The selection of a suitable site on which to establish the vegetable garden requires considerable thought, for an ill-chosen spot can be a great handicap in the beginning. The average home gardener has little choice because of the relatively small size of urban plots but several points must be considered if the outlay of seed, fertilizer, manure and labor is to show profitable returns.
Level ground with good drainage or ground with a slight slope is just about ideal. If the ground is on a slight slope make the slope even by filling in any depressions with soil taken from obvious high spots otherwise some plants will suffer from excess moisture while others, a few feet away, suffer from the lack of it. It is difficult to obtain an even stand of seedlings on uneven ground, for germination is always patchy.
If the only ground is on a moderate to steep slope it will be necessary to construct a number of bench terraces to conserve soil and moisture. The grade of the slope will determine the number of terraces necessary. Moderate slopes need two or three wide terraces; steep slopes call for several narrower ones. On moderate slopes the terraces can be shaped with soil, but on steeper slopes retaining walls of concrete, brick or stone are essential to prevent severe damage and soil loss during heavy storms. For preference these terraces should slope back slightly from the retaining wall. At all costs avoid, if possible, low-lying ground which is likely to become waterlogged in the rainy season. These lower soils often attract amateur growers because of their dark color, and appearance of fertility.
Good drainage is essential in vegetable gardens for no crops of consequence will tolerate "wet feet" for long. Too much soil moisture is detrimental to plant growth because the roots must have moisture and air circulation to function properly. Saturated conditions also slow down appreciably the beneficial activities of soil organisms which, as with roots must have air to flourish.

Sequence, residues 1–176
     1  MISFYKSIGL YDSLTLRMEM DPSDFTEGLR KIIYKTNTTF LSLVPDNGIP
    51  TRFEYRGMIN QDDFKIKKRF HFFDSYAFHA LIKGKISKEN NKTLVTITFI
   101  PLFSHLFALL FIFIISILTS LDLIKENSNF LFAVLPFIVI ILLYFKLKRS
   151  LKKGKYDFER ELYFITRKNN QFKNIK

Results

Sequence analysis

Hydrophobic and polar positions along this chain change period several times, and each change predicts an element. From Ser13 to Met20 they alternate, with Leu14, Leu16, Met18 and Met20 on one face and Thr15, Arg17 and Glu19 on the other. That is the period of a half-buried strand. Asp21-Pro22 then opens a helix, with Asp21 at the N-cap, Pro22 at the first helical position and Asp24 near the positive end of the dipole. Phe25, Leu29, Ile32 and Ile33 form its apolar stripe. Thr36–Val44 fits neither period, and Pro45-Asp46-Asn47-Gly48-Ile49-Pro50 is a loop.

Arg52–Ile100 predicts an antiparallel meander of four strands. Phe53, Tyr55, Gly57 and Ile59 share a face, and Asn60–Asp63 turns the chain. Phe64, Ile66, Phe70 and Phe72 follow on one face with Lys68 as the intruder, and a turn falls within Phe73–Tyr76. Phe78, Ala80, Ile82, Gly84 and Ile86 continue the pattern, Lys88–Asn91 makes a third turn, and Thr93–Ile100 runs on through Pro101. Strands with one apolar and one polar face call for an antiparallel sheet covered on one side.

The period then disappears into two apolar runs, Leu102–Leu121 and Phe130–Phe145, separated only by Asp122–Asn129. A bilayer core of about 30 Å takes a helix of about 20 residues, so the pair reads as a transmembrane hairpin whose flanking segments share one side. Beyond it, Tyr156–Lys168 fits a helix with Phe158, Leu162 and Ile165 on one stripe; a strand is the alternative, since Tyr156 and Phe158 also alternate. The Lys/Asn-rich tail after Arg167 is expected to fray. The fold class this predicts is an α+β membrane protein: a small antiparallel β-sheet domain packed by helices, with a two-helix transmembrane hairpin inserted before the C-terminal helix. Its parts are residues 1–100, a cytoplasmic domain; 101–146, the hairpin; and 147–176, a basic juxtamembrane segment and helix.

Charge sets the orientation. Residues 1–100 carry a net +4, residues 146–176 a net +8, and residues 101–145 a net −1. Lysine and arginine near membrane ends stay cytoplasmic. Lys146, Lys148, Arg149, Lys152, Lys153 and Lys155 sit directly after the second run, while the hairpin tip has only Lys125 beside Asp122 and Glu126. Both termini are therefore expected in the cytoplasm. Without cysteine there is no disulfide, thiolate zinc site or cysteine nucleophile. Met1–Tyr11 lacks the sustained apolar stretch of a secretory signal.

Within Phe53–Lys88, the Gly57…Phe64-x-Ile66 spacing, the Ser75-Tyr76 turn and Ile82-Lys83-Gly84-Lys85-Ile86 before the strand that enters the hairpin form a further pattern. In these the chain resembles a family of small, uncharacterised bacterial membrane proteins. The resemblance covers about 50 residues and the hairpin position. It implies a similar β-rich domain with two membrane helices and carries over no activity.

In laying out a garden there are two generally used methods each with its advantages and drawbacks. One method is to dig over and prepare the whole ares allocated to vegetables and to grow the crops, in rows, side by side with no defined paths between. This is the usual system in temperate regions and has the advantage that the area is used to the full.
The alternative method, and probably the most used, is to grow vegetables in slightly raised beds with each bed devoted to a single crop. It may be worthwhile to practice the first method in the dry season for winter crops and then resort to the bed method during the wet months to assist with drainage, as was mentioned earlier in my article to avoid the "wet feet" syndrome.
Gardeners practicing the bed method usually make the mistake of making the paths too wide and the beds too narrow and too high. The bed can be of any convenient length but should be at least four feet wide if the are to accommodate several rows of crops such as beetroot, carrots and lettuces. Beds of this size will still make it possible to allow for hoeing, thinning and harvesting to be done from the paths, which can be about fifteen to eighteen inches wide. Potatoes, sweet potatoes and other widely spaced crops are unsuited to bed culture because of the distance between rows necessary if adequate soil is available to earth them up.